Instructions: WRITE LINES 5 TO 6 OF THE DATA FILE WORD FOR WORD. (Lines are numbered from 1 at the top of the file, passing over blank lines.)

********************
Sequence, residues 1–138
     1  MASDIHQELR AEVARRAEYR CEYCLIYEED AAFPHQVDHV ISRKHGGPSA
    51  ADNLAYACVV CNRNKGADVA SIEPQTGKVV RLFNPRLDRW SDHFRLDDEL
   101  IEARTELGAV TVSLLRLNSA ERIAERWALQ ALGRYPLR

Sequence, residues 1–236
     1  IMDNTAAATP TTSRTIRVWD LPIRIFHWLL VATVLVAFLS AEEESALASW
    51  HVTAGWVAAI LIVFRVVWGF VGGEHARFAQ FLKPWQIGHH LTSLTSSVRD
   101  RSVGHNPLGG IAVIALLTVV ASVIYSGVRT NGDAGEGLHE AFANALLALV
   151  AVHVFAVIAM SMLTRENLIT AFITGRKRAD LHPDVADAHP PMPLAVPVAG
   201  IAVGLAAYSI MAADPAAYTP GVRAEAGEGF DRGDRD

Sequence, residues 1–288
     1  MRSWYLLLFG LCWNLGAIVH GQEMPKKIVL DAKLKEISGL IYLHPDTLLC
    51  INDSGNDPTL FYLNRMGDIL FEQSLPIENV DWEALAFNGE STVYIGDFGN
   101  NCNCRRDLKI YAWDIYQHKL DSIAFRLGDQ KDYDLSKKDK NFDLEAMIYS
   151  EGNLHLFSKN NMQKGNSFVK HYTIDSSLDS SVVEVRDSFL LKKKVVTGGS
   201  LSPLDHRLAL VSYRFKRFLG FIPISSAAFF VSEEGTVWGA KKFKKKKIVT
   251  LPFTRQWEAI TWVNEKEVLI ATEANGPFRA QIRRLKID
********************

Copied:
Sequence, residues 1–236
     1  IMDNTAAATP TTSRTIRVWD LPIRIFHWLL VATVLVAFLS AEEESALASW